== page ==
In Board inter partes proceedings, proof of specific intent to commit fraud is not required, rather, fraud occurs when an applicant or registrant makes a false material representation that the applicant or registrant knew or should have known was false. General Car and Truck Leasing Sys., Inc. v. General Rent-A-Car Inc., supra. The appropriate inquiry is not into the registrant's subjective intent, but rather into the objective manifestations of that intent. See Medinol Ltd. v. Neuro Vasx, Inc., 67 USPQ2d 1205 (TTAB 2003)[finding that "neither the identification of goods nor the statement of use itself was lengthy, highly technical or otherwise confusing, and the applicant who signed the document was clearly in a position to know (or inquire) as to the truth of the statements therein."](2) As to the falsity of a representation made to the Trademark Office: Where the applicant/registrant admits nonuse or another type of material representation (generally through Requests for Admissions, Interrogatories, Depositions, or some other discovery mechanism), the TTAB will analogize Medinol and generally grant a Motion for Summary Judgement on fraud. (finding no genuine issue of material fact on fraud where applicant admitted nonuse in its response to a petition for cancellation).
Statements under oath [e.g. Statements of Use] are made with a degree of solemnity requiring through investigation prior to signature and submission to the USPTO. Id.; Patent and Trademark Office Rule 10.18(b)(2).
(3) As to the materiality of a representation made to the Trademark Office:
Statements regarding the use of [a] mark on identified goods and/or services are certainly material to issuance to registration. See Hachette Fillipacchi Presse v. Elle Belle, LLC, 85 USPQ2d 1090 (TTAB 2007) (use alleged for a wide variety of clothing items for men, women and children when mark had not actually been used for any identified items for men or children); Sinclair Oil Corporation v. Kendrick, 85 USPQ2d 1032 (TTAB 2007) (use alleged for retail store services when mark had only been used on small number of product samples, which were given away four years before application); Hurley International LLC v. Volta, 82 USPQ2d 1339 (TTAB 2007) (use alleged for various entertainment and production services, when mark had not been used anywhere in the world for some services); Standard Knitting Ltd. v. Toyota Jidosha Kabushiki Kaisha, 77 USPQ2d 1917 (TTAB 2006) (misrepresentation regarding use of the mark on most of the goods identified in filed applications); First Int'l Serv. Corp. v. Chuckles Inc., 5 USPQ2d 1628 (TTAB 1988) (use alleged on range of personal care products when mark only actually used on shampoo and hair setting lotion).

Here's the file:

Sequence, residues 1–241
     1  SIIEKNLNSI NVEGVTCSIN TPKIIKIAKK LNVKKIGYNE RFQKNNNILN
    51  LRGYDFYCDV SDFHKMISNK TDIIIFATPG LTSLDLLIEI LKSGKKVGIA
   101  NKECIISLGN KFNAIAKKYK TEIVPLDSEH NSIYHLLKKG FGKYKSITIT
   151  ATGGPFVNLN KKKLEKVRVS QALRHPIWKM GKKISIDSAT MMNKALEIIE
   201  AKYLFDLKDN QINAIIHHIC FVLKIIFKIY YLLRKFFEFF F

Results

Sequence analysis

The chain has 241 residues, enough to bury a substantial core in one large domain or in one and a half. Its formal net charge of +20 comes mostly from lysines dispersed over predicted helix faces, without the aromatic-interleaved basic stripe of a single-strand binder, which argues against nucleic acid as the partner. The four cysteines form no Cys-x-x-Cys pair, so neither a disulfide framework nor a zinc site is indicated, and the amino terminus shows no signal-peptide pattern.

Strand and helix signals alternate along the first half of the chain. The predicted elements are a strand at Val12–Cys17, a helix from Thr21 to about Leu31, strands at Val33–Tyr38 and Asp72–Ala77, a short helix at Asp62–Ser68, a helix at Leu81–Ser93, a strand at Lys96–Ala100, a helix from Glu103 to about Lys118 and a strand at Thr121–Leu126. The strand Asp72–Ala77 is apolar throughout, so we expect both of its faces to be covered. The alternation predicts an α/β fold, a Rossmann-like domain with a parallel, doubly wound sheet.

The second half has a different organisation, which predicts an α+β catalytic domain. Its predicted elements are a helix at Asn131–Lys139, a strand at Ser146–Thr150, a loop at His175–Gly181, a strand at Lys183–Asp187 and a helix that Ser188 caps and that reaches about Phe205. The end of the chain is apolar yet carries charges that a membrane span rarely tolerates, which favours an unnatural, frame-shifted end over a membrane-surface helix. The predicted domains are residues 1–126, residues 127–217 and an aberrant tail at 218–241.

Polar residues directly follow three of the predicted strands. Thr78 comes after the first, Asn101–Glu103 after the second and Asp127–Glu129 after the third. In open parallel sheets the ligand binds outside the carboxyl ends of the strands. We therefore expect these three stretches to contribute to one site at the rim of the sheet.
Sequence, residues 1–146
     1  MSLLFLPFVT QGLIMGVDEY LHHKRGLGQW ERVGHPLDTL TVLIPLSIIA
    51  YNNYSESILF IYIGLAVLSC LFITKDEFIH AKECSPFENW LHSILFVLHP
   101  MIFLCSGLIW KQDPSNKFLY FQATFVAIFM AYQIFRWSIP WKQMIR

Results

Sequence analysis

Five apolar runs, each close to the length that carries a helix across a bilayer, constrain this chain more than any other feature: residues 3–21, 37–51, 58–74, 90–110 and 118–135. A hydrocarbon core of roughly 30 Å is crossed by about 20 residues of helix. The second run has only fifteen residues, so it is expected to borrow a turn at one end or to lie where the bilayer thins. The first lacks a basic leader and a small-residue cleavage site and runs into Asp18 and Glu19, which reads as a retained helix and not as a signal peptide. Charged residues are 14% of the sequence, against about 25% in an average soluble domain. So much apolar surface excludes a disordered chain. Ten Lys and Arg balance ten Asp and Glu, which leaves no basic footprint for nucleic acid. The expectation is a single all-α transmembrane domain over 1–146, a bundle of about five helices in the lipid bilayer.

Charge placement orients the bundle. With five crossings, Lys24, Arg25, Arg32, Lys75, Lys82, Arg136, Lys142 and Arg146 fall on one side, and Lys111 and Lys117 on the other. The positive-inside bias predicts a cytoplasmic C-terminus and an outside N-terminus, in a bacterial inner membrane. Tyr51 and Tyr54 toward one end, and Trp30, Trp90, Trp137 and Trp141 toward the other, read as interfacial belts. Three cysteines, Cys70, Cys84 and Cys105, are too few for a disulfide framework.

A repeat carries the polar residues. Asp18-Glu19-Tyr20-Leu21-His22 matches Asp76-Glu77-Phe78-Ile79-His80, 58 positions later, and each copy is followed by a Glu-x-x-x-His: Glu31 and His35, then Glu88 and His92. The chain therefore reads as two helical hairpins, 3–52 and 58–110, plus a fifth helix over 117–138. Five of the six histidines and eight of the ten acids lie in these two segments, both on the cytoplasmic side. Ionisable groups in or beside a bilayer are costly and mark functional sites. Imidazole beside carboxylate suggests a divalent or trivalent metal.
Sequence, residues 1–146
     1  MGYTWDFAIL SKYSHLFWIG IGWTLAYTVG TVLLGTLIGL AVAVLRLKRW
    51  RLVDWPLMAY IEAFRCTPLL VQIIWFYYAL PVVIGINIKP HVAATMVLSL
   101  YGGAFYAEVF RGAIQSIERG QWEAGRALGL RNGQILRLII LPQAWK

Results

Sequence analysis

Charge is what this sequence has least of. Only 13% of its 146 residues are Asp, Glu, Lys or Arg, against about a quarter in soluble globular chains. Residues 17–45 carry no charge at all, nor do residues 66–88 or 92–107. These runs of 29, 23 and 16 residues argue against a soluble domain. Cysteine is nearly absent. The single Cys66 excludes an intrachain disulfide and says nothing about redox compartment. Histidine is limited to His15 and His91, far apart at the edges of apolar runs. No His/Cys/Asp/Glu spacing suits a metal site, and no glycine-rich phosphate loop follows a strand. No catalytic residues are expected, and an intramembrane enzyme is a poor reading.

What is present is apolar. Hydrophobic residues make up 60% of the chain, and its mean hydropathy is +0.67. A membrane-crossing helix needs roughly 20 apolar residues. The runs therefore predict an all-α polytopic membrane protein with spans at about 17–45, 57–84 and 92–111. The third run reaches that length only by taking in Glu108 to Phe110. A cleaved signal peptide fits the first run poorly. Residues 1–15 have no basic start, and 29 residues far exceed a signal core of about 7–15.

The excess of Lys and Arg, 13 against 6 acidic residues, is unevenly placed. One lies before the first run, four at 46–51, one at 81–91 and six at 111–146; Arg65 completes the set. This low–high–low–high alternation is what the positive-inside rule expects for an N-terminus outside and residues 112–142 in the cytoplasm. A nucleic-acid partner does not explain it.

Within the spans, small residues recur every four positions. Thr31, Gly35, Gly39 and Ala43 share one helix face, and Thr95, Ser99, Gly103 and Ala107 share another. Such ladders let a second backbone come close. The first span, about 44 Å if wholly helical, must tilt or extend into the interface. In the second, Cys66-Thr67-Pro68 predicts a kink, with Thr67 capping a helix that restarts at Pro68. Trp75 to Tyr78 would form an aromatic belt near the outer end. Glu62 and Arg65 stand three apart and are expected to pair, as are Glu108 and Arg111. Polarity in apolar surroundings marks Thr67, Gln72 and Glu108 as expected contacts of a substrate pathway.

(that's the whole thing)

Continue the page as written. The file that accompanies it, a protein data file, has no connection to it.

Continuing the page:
As long as the general product terminology encompasses the specific product terminology in an identification of goods, and there is use on the specific product, there can be no fraud ... the converse situation, however, is not true. See Tri-Star Marketing, LLC v. Nino Franco Spumanti S.r.l, 84 USPQ2d 1912 (TTAB 2007) (finding "wine" to be a general classification for the more specific "sparkling wine").